Noor Israr describes a significant development
As was widely anticipated the Financial Action Task Force (FATF) finally removed Pakistan from a list of countries under increased monitoring also known as the grey list. Addressing the press conference at the conclusion of its plenary, FATF President noted that Pakistan finally exits FATF grey list had been on the grey list since 2018 working on two concurrent action plans and after a lot of work by Pakistani authorities, they have largely addressed all of the action plan items. He stated that the task force had conducted an onsite visit at the end of August and the onsite team verified that there is a high level of commitment from the Pakistani leadership, sustainability of reforms, and commitment to make improvements in the future.
As a result of these action plans, Pakistan has made significant improvements to strengthen the effectiveness of this framework for combating terrorism financing. Steps had also been taken to strengthen risk-based supervision of financial and non-financial institutions, improve asset confiscation outcomes, and investigate and prosecute money laundering, and consequently, Pakistan finally exits FATF grey list and has been removed from the increased monitoring list. In its handout, the FATF stated that it welcomed Pakistan’s significant progress in improving its anti-money laundering and combating financing terror (AML/CFT) regime.
Pakistan has strengthened the effectiveness of its AML/CFT regime and addressed technical deficiencies to meet the commitments of its action plans regarding strategic deficiencies that the FATF identified in June 2018 and June 2021, the latter of which was completed in advance of the deadlines, encompassing 34 action items in total. It concluded that Pakistan is, therefore, no longer subject to the FATF’s increased monitoring process adding that the country would continue to work with the Asia-Pacific Group to further improve its AML/CFT system.
International Financial System
The plenary regarding the matter focused on jurisdictions identified as presenting a risk to the international financial system, with an update to public statements that identify jurisdictions as high risk or being subject to increased monitoring besides other key issues, including guidance on improving beneficial ownership transparency to prevent shell companies and other opaque structures from being used to launder illicit funds. Pakistan was included among jurisdictions under increased monitoring list in June 2018 for deficiencies in its legal, financial, regulatory, investigations, prosecution, judicial and non-government sectors to fight money laundering and combat terror financing considered a serious threat to the global financial system.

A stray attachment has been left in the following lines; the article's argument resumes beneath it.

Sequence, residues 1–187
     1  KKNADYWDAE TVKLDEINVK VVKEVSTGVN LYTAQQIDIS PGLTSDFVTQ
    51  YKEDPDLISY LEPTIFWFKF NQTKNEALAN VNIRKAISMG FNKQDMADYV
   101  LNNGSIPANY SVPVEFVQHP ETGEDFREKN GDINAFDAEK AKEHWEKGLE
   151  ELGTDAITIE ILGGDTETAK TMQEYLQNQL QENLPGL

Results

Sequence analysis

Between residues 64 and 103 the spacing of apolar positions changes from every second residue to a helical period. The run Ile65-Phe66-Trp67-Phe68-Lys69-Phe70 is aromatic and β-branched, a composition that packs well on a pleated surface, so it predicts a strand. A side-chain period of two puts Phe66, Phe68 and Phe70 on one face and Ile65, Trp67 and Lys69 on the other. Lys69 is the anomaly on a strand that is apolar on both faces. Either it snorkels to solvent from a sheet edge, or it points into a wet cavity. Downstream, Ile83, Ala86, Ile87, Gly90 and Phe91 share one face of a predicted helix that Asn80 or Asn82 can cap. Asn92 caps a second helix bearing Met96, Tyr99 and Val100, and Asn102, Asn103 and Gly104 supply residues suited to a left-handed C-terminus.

Islamabad made high-level political commitments to address these deficiencies under a 27-point action plan. But later the number of action points was enhanced to 34. The country had since been vigorously working with FATF and its affiliates to strengthen its legal and financial systems against money laundering and terror financing to meet international standards in line with 40 recommendations of the FATF. A 15-member joint delegation of the FATF and its Sydney-based regional affiliate — Asia Pacific Group — paid an onsite visit to Pakistan from 29 August to 2 September to verify the country’s compliance with the 34-point action plan committed with the FATF.
The authorities that had kept the countrywide visit of the delegation low profile later termed it a smooth and successful visit. The delegation conducted detailed discussions with relevant agencies pursuant to the authorization of an Onsite Visit by FATF Plenary in June 2022 the focus of the visit was to validate on-ground Pakistan’s high-level commitment and sustainability of reforms in AML/CFT regime and it looked forward to a logical conclusion to the evaluation process.
FATF’s International Cooperation Reviews
The report of the FATF Onsite team will be discussed in FATF’s International Cooperation Review Group and plenary meetings. Pakistan believed that as a result of strenuous and consistent efforts over the past four years, it has not only achieved a high degree of technical compliance with FATF standards but also ensured a high level of effectiveness through the implementation of two comprehensive FATF action plans.
In June this year, FATF had found Pakistan compliant or largely compliant on all 34 points and had decided to field an onsite mission to verify it on the ground before formally announcing the country’s exit from the grey list that finally took place in August and September. In terms of technical compliance with FATF standards, Pakistan has been rated by APG as compliant or largely compliant in 38 out of 40 FATF recommendations in August this year, which placed the country among the top compliant countries in the world. The completion of the FATF/APG action plan for the effectiveness of AML/CFT was also a structural benchmark of the IMF for end-March 2022 and was achieved in June with a minor delay.
The government had given a commitment to the IMF to review by end-June 2022 the implementation of AML/CFT controls by financial institutions with respect to the tax amnesty program for the construction sector and promised to meet the timelines for the implementation of APG’s 2021 Action Plan, including on the mutual legal assistance framework, AML/CFT supervision, transparency of beneficial ownership information, and compliance with targeted financial sanctions for proliferation financing. The Weekender